Even if the modes of cooperation between the parties do not yet correspond to the requirements of the given legal framework, we are confident that a recognition of the status of Islamic religious communities still to take place will replace the provisional arrangements (transitional models) and transfer the cooperation between religious communities and the state to the regular procedure under religious constitutional law.

I believe I heard clear signals on this from the Federal Ministry of the Interior at the kick-off event. In his keynote speech, Germany’s Interior Minister Horst Seehofer spoke twice about “Islamic religious communities”. If one considers the wording of the Interior Ministry from the past, this can be regarded as a novelty or a positive signal. For the recognition of religious communities in the sense of the Basic Law is particularly important to give Muslims a feeling of belonging in Germany.

We hope that the recognition processes in the federal states, which have become bogged down in the past due to the mixed political situation, will be put to the test and that a factual discussion will be held with those affected, based on the religious and neutrality of the state, the principle of parity and the respect of their right of self-determination and the self-administration of religious communities.

How do you rate the selection of guests for DIK by the organizer?

The Islamic Council with its more than 450 mosque communities has been providing advice and assistance to its members in the mosque communities for decades and the offers of the Islamic Council cover all areas of life of its members.

The other Islamic religious communities offer similar services to their members. By these characteristics, they clearly distinguish themselves from the other participants in the German Islam Conference. Because both in the quality of the services they offer and in the quantity of their sphere of activity the religious communities are very broadly positioned.

Other participants in the conference, on the other hand, represent either only themselves or only a small circle of people. Despite this situation, however, they receive oversized attention from politicians and the media. If the state wants to talk to them, please do so. They can do that with pleasure. However, it is questionable whether a mixture of qualitatively and quantitatively different – sometimes contradictory and reactionary – participants is purposeful.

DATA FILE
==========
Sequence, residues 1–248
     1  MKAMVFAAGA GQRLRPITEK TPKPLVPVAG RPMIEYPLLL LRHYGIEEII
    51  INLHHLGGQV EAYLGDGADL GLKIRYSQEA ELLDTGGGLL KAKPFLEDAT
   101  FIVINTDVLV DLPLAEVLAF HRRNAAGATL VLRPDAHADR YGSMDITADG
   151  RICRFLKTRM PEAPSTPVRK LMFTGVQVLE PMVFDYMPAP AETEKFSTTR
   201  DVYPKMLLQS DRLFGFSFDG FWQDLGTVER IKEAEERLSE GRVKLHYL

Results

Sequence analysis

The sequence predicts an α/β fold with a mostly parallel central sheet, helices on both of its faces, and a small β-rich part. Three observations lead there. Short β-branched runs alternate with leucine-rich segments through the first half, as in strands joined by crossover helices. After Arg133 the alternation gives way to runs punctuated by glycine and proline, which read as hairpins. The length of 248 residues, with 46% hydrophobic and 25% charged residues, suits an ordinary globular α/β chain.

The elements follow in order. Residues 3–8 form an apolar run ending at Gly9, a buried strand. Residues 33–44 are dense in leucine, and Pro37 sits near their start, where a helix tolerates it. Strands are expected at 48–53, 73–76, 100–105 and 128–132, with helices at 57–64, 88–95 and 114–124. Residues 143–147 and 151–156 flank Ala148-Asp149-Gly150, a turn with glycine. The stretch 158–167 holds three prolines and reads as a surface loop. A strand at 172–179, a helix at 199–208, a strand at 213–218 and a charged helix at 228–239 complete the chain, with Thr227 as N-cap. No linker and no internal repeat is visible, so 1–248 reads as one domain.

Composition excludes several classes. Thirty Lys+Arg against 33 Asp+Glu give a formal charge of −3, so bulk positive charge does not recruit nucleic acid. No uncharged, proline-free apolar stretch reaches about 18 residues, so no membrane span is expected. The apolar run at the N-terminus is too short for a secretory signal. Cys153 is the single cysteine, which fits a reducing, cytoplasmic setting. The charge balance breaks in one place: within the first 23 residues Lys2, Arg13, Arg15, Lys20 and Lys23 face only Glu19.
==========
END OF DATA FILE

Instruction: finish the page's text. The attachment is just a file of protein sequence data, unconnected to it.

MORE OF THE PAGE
What do you think of Horst Seehofer’s “German Islam”?

Minister Seehofer caused great disappointment and annoyance within the Muslim community right at the beginning of his term of office with the sentence “Islam does not belong to Germany”.

It is a short sentence with great effect: Muslims also want to feel accepted in Germany with their religious convictions. Through this sentence they have the feeling that after 60 years they are still not comprehensively accepted.

Subsequently, the Federal Ministry of the Interior said at the conference that he wanted to talk about how Islam could be in Germany. The content of a “German Islam” should be filled by Muslims themselves in the conference.

We are of the opinion that there is no such thing as a national Islam. There is no German or British Islam, just as there is no Turkish or Bosnian or Arab Islam. However, Muslims’ life practices may differ geographically and from culture to culture, while at the same time observing Islamic norms.

These differences can best be seen in the respective mosque architectures. However, this imprinting does not take place as a one-way street. Muslims also shape and influence the culture in which they live. This is also natural.

We welcome the fact that this view was also shared by many participants in the panel discussions at the conference kick-off event. I think that politics should be more relaxed with regard to the question of national imprinting and let things take their natural course.

What significance does the conference have for Muslims and the majority society in Germany?

As an Islamic religious community, we see the German Islam Conference first and foremost as a dialogue platform with state representatives on which the problems of Muslims can be addressed, the solution of which requires indirect and direct support from the state where cooperation is sensible.

Our motivation to participate in the event, therefore, presupposes that the state, guided by the principle of neutrality, by the principle of equal treatment and under preservation and respect of freedom of religion and the right of self-determination of religious communities, is aware of its responsibility towards its citizens, including Muslims.

In the end, the conference is what one makes of it. It can meaningfully contribute to solving the problems Muslims are confronted with. Or it can set goals for the future. It did this in the third German Islam Conference when important topics for Muslims such as denominational welfare or denominational pastoral care in prisons or hospitals were addressed.

Also, in the past topics such as Islamophobia and disproportionate negative reporting about Islam and Muslims were discussed. That was right and good. However, there are problems in the implementation of the agreements. This is often because politicians do not take the necessary steps.